I would especially recommend this to anyone with questions and/or uncertainties regarding BLM. Written in a style that is emotion filled, highly readable, and (overall) Very Effective. An outstanding book.

Review by Bill Svoboda
A good-or at least potentially interesting- concept weakened by the choices of what was (and wasn't) included. I can imagine someone who is very much into "the romance of anarchism" giving this 4 stars but not 5.

Review by Bill Svoboda
Real life magical.

Review by Lilja Strang
This book is for those who have sat in their existential crisis long enough to realize that there is no point to life, no ultimate Truth, and no eternal transcendence. Without the promise of a greater purpose, a loving god, or a divine path, the existential philosopher is faced with a bleak and hopeless reality: existence is absurd and hope is only another illusion. It is only natural for one to then wonder why they should continue living at all. I was in a similar (frankly depressing) place when I found this book. Although the discussions of suicide at the beginning will make it inappropriate for some readers, I found Camus's perspective strangely refreshing. Unlike most discussions on this topic which are often focused on finding reasons to live and to hope, Camus met me where I was at by assuming that ideas such as hope and a greater purpose do not truly exist. He postulates that "life has no meaning" is the beginning of philosophical questioning, not the end. By focusing on reality and avoiding mystical and manufactured solutions (i.e. deriving meaning from one's occupation and/or hope from a higher power) to the existential anxiety that underlies an awareness of absurd reality, he reaches the conclusion one's very existence constitutes a revolt. That is, choosing to remain alive when there is no reason to do so and sitting with the tension that is created through desiring meaning in a meaningless world is, in itself, an act of rebellion. Paradoxically, I found that is is through this acceptance which is, by necessity, devoid of hope, that living has purpose. The book is beautifully written and Camus explores the Absurdist philosophy from many angles and cites a few examples of Absurd living. I struggled to understand a few of his points due to my ignorance of certain philosophers and stories that are referenced in this work; I suspect that someone more familiar with them would appreciate their inclusion. Overall, if you're struggling with the oppression of the daily grind and a meaningless existence, I highly recommend this book.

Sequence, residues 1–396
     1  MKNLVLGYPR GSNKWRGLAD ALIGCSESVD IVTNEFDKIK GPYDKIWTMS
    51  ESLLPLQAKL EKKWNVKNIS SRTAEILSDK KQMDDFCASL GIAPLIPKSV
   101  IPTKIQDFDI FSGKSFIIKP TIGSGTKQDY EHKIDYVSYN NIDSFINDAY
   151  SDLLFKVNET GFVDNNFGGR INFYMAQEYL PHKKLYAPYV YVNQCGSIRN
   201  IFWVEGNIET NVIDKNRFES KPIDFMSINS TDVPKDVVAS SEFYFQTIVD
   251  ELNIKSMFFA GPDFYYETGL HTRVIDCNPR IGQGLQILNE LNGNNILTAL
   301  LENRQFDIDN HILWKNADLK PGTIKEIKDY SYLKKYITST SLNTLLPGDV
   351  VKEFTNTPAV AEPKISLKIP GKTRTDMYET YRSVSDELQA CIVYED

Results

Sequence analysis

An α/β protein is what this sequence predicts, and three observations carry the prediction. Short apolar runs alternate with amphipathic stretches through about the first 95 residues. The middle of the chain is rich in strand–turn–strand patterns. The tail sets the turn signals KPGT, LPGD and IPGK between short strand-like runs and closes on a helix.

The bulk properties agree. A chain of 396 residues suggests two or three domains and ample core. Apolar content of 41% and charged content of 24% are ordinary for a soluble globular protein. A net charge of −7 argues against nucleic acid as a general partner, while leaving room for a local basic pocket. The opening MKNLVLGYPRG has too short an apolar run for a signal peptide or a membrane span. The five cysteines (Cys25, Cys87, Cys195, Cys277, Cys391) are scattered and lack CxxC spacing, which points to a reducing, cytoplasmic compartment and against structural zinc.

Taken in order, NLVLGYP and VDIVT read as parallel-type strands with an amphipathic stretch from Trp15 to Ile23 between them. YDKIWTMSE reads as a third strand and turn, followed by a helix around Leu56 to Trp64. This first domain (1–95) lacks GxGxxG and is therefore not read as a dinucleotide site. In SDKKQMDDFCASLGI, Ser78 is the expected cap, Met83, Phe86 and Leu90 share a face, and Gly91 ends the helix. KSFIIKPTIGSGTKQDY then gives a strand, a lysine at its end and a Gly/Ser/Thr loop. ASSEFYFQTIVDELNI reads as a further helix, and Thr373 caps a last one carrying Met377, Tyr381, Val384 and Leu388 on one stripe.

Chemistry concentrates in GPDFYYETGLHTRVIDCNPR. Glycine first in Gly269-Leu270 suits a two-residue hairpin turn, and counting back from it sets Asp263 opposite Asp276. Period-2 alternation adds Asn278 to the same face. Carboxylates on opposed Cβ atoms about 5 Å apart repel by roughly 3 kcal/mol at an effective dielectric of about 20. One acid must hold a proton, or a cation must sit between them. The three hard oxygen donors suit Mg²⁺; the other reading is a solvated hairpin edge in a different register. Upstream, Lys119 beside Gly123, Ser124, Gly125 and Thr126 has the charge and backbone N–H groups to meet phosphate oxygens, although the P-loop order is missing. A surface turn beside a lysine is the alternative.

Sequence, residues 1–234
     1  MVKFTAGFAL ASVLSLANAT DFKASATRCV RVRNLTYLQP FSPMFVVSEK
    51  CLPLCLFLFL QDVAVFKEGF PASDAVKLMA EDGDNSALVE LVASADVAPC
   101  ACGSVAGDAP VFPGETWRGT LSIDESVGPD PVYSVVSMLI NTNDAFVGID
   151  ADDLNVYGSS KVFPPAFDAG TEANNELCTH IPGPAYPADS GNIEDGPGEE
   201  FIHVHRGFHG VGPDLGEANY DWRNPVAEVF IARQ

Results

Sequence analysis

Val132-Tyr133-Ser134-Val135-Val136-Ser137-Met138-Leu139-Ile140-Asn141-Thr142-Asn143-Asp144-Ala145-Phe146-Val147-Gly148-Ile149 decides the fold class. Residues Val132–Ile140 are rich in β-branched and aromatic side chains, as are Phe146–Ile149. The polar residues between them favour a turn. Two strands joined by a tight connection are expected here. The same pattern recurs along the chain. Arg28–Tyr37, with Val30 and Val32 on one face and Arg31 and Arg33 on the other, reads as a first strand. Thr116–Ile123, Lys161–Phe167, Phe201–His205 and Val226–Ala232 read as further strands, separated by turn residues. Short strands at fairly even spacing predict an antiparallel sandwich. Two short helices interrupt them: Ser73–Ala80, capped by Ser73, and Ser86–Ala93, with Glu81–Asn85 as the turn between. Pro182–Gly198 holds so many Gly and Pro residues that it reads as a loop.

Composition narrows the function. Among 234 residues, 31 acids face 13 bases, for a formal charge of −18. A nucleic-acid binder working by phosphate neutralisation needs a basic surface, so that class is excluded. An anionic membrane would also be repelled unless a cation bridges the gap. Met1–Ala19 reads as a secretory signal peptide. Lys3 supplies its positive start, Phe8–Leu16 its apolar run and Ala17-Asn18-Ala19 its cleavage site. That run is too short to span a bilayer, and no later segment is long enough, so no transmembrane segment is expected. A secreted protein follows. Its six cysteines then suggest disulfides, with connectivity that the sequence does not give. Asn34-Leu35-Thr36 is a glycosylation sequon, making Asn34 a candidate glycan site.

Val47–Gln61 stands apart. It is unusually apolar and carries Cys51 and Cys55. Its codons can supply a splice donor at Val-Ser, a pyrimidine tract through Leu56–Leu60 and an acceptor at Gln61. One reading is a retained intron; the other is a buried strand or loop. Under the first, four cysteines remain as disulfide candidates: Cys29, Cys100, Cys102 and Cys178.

Review by Nick Janes
It is a story as a beginner's guide to food survival in the urban landscape.

Review by Meg Duke
As absurd as the Balkans are -- a blurry blend between brutal reality and realistic satire... Feels like you're drinking rakija or slivovica...

Review by Meg Duke
One of the best books in the AltLib. A collection of speeches, laments, and stories from indigenous folk of North America. Each excerpt lasts 1-2 pages and offers a wealth of knowledge, rooted in the interconnection among and respect for all life. A better world existed... can we learn from the wisdom of the past?

Review by Meg Duke
Groovy & soothing